Every pre-season has one.

An unearthed gem “burning up the track”, a move of pure coaching genius, a jack set to explode out of the box come Round 1.

For the Saints, that pre-season hotshot was Ben Long, and with good reason, too.

The boy from the famous footballing family dripping with potential finally looked to have found his gear in earnest.

A spot at half-back – the position in which he thrived as a junior – was his again.

A consistent knock on Long throughout previous seasons was just that – his consistency – and the Darwin-born 22-year-old looked set to silence his doubters in 2020.

30 minutes into the new season, Ratten’s Long play was going to script, albeit in an empty theatre.

The new, free-flowing brand of footy Long had trademarked over the summer was on show, exemplified in a gliding speccy plucked from a North Melbourne kick-in.

An awkward landing on a twisting ankle, cue the intermission.

The moment the season was postponed, Ben Long had one thing on his mind.


The change rooms felt “weird” in the wake of the deflating loss.

As if the precursor of finally starting Season 2020 in an echoey, Marvel Stadium shell wasn’t enough, the customary post-match coaches’ pressers melded into an inconceivable revelation:

Footy was off.

For now, at least … but for Long and the other Saints, the rug had been torn out from underneath them after the most optimistic summer in a decade.

I asked when Ben thought about going home.

“A lot of the boys were thinking about how long we’ll be off, and what’ll happen to footy … I was more thinking of heading back home,” he smiled.

“As soon as I knew the season was actually stopping, I thought it’d probably be good to get out of Melbourne and get back up to Darwin as soon I could.”

Family is everything.

With ancestral roots stretching from central Australia to the Tiwi Islands, the Longs have called the NT’s capital home for three generations.

Ben uprooted his Territorian life at the age of 16, following in the footsteps of cousin Cyril Rioli and boarding at a prestigious private school in Melbourne.

Footy and the Victorian winter coincide with the dry season up north, meaning he hasn’t actually been back to Darwin at this time of year since 2014.

For all of us, COVID-19 has brought about unprecedented change.

From the financial realities of a global pandemic, to the very real health concerns, this virus has affected many in ways we might never have imagined.


A silver lining is that for many of us, it has fuelled a reconnection with family we may have lost or neglected in all the perceived busyness of life.

But Long’s urgency to be back home with his family speaks volumes of its importance to him.

“I just feel happy being back home with Mum and Dad,” he said.

“I’ve seen a few cousins and other family members, so it’s been awesome to reconnect with them. Mum and Dad are both pretty happy I’m back.”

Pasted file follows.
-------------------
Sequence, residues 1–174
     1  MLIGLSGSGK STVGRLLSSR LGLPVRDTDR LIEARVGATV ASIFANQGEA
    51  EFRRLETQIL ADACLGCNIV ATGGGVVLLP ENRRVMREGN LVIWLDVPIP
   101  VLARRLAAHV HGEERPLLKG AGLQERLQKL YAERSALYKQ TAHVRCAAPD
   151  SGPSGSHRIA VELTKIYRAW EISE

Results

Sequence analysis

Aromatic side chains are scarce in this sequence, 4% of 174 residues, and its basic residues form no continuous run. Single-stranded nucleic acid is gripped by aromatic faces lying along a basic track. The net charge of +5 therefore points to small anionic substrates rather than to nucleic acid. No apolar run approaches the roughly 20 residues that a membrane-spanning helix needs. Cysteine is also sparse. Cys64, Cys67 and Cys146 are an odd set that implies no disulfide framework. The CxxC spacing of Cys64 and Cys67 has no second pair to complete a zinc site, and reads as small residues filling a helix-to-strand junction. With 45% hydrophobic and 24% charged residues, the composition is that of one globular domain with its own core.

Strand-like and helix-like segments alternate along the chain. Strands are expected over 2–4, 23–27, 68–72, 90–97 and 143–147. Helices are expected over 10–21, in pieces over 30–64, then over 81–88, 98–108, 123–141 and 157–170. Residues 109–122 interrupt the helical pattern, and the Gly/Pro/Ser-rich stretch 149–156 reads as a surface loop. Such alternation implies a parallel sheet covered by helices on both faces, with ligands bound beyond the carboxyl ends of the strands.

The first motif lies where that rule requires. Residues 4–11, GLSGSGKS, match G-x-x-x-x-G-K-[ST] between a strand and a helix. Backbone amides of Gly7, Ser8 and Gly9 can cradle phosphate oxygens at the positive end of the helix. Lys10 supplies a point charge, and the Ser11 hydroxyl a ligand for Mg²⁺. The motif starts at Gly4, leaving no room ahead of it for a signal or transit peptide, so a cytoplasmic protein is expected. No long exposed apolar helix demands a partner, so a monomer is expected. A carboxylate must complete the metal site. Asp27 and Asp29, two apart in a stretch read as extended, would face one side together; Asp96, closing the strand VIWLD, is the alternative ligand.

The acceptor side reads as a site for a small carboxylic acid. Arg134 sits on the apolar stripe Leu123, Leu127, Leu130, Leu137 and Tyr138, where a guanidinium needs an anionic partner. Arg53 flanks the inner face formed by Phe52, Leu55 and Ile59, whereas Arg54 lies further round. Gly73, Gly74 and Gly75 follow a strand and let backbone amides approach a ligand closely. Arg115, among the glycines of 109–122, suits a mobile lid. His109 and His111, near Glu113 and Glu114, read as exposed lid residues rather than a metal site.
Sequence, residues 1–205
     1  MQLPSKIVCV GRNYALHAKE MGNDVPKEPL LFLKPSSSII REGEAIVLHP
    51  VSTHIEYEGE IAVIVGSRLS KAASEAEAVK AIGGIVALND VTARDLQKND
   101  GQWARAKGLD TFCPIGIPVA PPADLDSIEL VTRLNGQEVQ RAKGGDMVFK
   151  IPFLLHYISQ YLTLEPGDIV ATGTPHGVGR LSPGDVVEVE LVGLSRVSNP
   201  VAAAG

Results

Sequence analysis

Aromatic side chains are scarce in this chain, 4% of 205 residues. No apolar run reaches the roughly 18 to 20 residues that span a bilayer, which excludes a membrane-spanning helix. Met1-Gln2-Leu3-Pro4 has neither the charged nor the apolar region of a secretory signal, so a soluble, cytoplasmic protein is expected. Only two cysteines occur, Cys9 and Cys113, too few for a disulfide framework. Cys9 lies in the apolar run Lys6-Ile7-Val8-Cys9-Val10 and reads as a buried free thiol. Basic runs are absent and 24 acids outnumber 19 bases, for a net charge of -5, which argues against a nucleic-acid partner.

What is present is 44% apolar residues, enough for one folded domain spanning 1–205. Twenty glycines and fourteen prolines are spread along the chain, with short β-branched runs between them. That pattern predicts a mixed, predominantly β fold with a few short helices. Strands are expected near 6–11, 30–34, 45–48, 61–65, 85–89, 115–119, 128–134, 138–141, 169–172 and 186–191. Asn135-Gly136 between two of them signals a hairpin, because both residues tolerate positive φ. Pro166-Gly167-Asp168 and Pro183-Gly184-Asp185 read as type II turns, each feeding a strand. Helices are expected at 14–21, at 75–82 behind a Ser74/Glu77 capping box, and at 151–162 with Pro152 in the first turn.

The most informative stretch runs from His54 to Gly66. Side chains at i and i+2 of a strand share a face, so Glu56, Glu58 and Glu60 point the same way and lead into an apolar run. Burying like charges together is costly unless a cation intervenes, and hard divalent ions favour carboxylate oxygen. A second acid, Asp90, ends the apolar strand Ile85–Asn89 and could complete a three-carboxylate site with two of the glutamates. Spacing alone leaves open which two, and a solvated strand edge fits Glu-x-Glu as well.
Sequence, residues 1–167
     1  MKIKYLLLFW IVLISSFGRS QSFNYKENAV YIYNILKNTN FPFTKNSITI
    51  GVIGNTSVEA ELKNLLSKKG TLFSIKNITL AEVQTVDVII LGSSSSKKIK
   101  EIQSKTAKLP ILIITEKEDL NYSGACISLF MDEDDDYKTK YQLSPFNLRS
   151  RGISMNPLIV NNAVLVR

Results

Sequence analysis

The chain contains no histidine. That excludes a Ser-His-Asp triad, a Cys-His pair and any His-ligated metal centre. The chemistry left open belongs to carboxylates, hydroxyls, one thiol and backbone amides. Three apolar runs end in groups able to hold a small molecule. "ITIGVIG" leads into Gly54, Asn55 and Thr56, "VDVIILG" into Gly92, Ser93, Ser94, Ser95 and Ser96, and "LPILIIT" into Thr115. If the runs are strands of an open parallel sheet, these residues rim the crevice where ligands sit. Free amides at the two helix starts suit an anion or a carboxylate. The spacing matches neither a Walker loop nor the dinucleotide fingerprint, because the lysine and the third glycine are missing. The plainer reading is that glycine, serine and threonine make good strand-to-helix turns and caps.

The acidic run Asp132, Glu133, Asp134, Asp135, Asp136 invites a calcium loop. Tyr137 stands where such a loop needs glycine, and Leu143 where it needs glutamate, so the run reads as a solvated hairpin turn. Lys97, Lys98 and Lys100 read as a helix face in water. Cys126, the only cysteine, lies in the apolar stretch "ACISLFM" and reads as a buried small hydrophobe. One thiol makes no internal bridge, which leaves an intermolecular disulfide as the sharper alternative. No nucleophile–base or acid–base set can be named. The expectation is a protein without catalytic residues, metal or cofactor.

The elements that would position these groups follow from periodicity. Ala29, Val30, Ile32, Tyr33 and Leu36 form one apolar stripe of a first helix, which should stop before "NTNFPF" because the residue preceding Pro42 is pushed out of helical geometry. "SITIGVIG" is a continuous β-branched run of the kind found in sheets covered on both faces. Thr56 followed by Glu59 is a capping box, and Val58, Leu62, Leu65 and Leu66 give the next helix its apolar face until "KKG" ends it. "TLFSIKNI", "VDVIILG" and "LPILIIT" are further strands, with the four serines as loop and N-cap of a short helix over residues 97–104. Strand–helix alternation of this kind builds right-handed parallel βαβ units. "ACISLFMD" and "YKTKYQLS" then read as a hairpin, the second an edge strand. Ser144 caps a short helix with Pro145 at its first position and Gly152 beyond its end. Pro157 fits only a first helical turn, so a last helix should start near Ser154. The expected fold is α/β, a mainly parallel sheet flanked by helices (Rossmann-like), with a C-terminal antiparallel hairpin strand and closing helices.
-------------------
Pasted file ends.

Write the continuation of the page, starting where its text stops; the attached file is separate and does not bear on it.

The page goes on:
“I forgot my PlayStation, so that was pretty disappointing.”

The Darwin in Long creeps out again, and the free spirit that’s allowed his footy to thrive comes to the fore.

As he reels off his packing checklist, runners are closely followed by thongs.

The equipment may be the same, but Long’s home gym setup is unlike any of his teammates, with a veritable arsenal of fishing spears within arm’s reach.

The soundtrack to Long’s isolation? Country music. Anything and everything country, he doesn’t discriminate.

The 22-year-old’s days are split between family, training, guitar practice and getting out on the water whenever he can.

The rugged, croc-infested northern coastline is a far cry from the bright lights of an AFL footballer’s life in Melbourne, but it’s home.

“It really hurts, to have a loss playing on your mind for what’s now a big break.”

It seems like a lifetime ago, but Round 1 still sticks in Long’s guts. So much so he brings it up again.

“We took good things out of that game as well, though,” he said.

“Mine and the team’s focus is just on keeping fit ‘cos it’s all we can do. It hurts, to finish the game and get Round 1 done … and it’s just a bit harder with that result.

“But we know we’ve got good depth in our side, we’ve had a good pre-season, and I reckon all of us know where we went wrong on game-day.

“I’m sure we’ll bounce back come Round 2 … whenever that may be.”

A new reality for everyone.

Long’s newfound maturity has struck many at the Saints in 2020, and it comes out again when he reflects on the new state of the world.

“You look at the reality of life and footy in a different way now,” he said.

“My reality is very different from when I was drafted to now being four years in. The game’s just completely stopped and the reality of earning money comes in now.

“I know as players we’ve taken a pay cut, but there are people losing their jobs who can’t afford to pay off their houses or support their family.

“For some blokes, it’s their last year on their contract and that’d always be on their mind – that they have a point to prove – and with some of this stuff that’s happening now, that feeling is just extended.

“Hopefully we all get through and we’ll be out there again soon.”